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BBC should have treated Steve Wright better, says veteran DJ

Removing Steve Wright from his Radio 2 afternoon show was one of a series of “dreadful mistakes” BBC bosses have made in its handling of the station, his former colleague and fellow radio star David Hamilton has told i.

Wright’s death last Tuesday, aged 69, shocked the broadcasting world, with Radio 2 staff expressing anger at station managers who paid fulsome tribute to the DJ just eighteen months after axing him from his hugely-popular daily show.

Wright, who joined the BBC in the 1970s, stayed on to present a Sunday show. But losing his daily afternoon slot would have dealt a blow to Wright, said Hamilton who worked at Radio 1 and Radio 2 for more than two decades and left in 1986.

“It’s a great shame that the BBC dumped him, as they have done with so many people,” Hamilton, 85, told i. “It was the latest in a series of dreadful mistakes the BBC have made.”

“Steve had a tremendous following with his afternoon show and he was one of the most outstanding DJs of his generation. His radio show was his life. He put hours of work into it. When a successful show is taken away from you it’s a bit like losing an arm. It’s very personal and broadcasters are very hurt by that.”

David ‘Diddy’ Hamilton says former colleague Steve Wright should have been treated better by the BBC (photo – Boom Radio)

Known as “Diddy” Hamilton to millions, the veteran now broadcasts on Boom Radio, the fast-rising station targeting older listeners disillusioned with Radio 2’s move to drop classic songs from the 60s and ditch older DJs in a bid to reach a younger audience of 35 year-old “mood mums.”

“I was always very proud to work for the BBC but in recent times they seem to have lost the plot,” Hamilton said.

“Steve was great at his job and he deserved to be treated better. It made me sad to see the BBC treating people like that, they should be above that.”

The BBC rejected claims that it had acted without due care towards Wright. A source said: “He wasn’t dumped. Steve accepted the afternoon move with good grace and threw himself into the Sunday Love Songs show, Pick of the Pops and presented a range of specials. He loved the BBC and he continued to be a hugely important part of Radio 2.”

On Sunday, Wright’s friend Liza Tarbuck hosted a special episode of Sunday Love Songs in his memory, paying tribute to him as “our genuis friend” and encouraging listeners to light a candle for him.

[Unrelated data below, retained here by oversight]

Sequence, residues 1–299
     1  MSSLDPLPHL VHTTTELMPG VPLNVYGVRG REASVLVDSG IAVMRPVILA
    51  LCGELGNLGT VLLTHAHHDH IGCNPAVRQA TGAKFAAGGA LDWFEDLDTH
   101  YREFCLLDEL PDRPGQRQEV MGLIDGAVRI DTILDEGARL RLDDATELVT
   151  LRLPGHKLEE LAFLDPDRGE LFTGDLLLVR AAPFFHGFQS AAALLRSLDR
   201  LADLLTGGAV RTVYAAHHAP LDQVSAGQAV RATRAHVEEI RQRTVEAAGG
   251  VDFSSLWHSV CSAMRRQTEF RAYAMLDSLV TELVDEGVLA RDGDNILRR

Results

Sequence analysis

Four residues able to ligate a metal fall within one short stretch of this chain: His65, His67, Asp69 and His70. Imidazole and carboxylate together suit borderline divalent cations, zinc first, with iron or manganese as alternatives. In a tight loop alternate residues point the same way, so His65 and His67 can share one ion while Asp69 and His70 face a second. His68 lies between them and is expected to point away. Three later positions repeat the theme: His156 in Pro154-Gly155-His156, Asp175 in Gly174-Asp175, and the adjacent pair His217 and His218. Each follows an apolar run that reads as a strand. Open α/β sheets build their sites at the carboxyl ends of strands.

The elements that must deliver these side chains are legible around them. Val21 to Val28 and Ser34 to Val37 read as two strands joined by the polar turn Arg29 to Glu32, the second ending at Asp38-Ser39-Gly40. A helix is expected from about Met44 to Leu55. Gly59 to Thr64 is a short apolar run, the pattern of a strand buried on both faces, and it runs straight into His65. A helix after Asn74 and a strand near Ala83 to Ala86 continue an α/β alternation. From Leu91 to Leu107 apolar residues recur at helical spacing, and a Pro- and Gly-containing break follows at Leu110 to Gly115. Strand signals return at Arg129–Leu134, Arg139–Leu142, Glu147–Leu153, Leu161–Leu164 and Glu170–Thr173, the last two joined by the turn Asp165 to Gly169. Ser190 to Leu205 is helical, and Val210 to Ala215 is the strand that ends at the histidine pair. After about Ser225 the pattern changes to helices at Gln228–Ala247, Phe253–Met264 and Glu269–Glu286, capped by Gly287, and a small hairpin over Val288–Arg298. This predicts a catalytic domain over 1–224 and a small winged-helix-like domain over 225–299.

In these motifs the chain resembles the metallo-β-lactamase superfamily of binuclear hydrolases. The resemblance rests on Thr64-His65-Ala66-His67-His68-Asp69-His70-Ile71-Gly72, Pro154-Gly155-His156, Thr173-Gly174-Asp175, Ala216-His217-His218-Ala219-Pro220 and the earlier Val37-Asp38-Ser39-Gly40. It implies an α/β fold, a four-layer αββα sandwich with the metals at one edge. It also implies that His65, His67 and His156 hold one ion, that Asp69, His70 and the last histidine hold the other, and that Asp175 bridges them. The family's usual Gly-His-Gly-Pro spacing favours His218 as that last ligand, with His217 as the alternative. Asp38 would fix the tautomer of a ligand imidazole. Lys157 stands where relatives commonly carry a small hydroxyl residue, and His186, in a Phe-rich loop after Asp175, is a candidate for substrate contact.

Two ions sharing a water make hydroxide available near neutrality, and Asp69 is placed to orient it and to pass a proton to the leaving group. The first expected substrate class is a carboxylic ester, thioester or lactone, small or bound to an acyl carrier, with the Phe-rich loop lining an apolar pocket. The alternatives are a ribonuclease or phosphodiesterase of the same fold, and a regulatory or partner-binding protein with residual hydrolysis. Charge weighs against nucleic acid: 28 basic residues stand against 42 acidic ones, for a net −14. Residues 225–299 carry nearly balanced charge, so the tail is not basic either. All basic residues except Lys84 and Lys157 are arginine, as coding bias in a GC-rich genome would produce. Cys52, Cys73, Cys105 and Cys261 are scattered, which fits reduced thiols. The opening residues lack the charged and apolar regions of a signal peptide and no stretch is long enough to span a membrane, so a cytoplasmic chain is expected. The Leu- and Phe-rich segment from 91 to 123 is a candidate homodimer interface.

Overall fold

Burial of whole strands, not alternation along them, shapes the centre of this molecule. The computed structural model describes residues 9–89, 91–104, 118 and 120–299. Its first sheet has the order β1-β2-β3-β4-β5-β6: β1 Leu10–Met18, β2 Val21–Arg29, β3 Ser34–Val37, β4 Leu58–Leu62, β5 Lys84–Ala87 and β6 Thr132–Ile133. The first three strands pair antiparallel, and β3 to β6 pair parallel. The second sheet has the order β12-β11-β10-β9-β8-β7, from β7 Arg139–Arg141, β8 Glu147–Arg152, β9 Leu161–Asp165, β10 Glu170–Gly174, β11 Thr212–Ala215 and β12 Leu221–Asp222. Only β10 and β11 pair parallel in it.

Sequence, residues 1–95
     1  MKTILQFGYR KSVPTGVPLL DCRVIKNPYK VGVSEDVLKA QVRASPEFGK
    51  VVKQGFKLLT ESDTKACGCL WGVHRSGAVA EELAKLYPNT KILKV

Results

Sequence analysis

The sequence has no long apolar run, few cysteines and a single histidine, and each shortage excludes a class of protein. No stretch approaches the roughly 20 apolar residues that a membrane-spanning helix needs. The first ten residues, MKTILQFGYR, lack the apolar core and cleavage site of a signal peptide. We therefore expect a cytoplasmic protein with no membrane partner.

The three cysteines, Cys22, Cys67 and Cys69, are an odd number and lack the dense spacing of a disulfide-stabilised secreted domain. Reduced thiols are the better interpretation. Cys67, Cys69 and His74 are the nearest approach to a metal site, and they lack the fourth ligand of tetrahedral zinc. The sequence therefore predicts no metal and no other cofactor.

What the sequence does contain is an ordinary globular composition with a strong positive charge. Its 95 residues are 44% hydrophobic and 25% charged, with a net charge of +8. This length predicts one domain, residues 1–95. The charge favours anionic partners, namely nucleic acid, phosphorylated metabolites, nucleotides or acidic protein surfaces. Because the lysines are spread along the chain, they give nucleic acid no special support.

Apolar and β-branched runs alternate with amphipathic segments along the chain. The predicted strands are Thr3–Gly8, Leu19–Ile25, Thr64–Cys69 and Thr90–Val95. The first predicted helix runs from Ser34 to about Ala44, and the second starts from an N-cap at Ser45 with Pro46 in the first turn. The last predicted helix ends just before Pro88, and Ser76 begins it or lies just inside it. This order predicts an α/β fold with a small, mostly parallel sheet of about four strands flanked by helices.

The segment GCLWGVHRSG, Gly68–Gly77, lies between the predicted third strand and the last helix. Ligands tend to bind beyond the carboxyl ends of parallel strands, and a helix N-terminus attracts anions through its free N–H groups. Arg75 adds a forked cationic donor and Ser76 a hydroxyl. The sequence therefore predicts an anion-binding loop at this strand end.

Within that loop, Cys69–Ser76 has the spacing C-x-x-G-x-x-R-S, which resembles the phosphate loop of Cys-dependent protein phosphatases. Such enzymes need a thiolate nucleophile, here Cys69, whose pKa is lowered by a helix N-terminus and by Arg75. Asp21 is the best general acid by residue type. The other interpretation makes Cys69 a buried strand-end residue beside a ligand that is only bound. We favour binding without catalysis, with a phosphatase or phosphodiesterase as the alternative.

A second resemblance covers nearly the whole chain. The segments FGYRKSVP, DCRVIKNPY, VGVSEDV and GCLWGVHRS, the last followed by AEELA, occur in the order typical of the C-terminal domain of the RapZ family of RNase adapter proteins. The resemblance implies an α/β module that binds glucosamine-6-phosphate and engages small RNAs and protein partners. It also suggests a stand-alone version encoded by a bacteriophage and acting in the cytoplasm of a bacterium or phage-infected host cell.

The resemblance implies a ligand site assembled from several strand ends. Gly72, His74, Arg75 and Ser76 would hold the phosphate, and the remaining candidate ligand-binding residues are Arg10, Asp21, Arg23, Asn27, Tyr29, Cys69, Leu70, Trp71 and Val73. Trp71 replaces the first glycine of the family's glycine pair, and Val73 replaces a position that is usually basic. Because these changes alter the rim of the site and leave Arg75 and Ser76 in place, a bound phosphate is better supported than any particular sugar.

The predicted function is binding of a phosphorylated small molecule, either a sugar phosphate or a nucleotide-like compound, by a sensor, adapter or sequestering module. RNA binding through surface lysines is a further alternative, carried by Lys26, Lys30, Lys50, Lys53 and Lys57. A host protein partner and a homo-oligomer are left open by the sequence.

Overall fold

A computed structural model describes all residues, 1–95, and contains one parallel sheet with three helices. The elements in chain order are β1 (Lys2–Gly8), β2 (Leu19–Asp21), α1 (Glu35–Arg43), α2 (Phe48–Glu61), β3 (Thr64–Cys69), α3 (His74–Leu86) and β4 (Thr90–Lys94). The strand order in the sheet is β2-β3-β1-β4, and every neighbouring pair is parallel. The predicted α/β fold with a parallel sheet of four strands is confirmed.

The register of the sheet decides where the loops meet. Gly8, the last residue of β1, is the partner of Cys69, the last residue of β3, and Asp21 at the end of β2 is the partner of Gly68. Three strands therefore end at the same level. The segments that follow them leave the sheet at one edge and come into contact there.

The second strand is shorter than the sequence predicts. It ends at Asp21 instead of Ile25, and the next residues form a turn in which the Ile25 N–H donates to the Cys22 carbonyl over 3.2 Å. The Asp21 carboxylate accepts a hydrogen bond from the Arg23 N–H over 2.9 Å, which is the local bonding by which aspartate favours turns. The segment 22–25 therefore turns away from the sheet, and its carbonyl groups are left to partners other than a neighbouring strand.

A BBC spokesperson said: “Steve was deeply loved by the Radio 2 family and listeners, and for almost three decades he hosted a raft of brilliant shows on the network enjoyed by millions. We will miss him dearly.”

Hamilton added: “I don’t think anybody has a job for life. We can’t expect to be there forever. You have to hope that when change is made it is for the better and I don’t think it always is.”

He is baffled by the news that the BBC will launch a Radio 2 digital spin-off, featuring “much-loved expert presenters” playing hits from the 1950s to the 1970s.

The move has been called a panic measure to win back the one million listeners Radio 2 lost over a year during which Ken Bruce took a chunk of his audience to commercial rival Greatest Hits Radio whilst Boom celebrated its third birthday this week with 627,000 listeners tuning in to presenters who include Simon Bates and Chris Tarrant.

“The reason they lost listeners was they got rid of all that music from their programmes,” Hamilton, who presents Boom’s weekday lunchtime show, claimed. “When you say ‘Apart from the Tony Blackburn show we don’t want to play any 60s music’ you’re denying yourself The Stones, The Beatles, the best of Motown. All that wonderful music.”

“It was an audience they didn’t want any more. And now suddenly they want them again… It’s incompetent apart from anything else. The BBC left the market wide open.”

“And where is the money coming from if they’ve been telling us that they’re making cuts in local radio? They say they’ll be running documentaries from the archive but I think the new station will just do what we do, playing the pop songs of the era.”

The presenter, who began his BBC career on The Light Programme before switching to Radio 1 in 1967, said cuts to BBC local radio programming “have affected former colleagues of mine, really good people who’ve been put out of work”. “They had the crime of getting to 60 or they were the victim of cuts,” he said.

“Next thing you hear, the BBC is going to create new stations and one of those is going to aim at Boom. You really wonder if they even know what they’re doing?”

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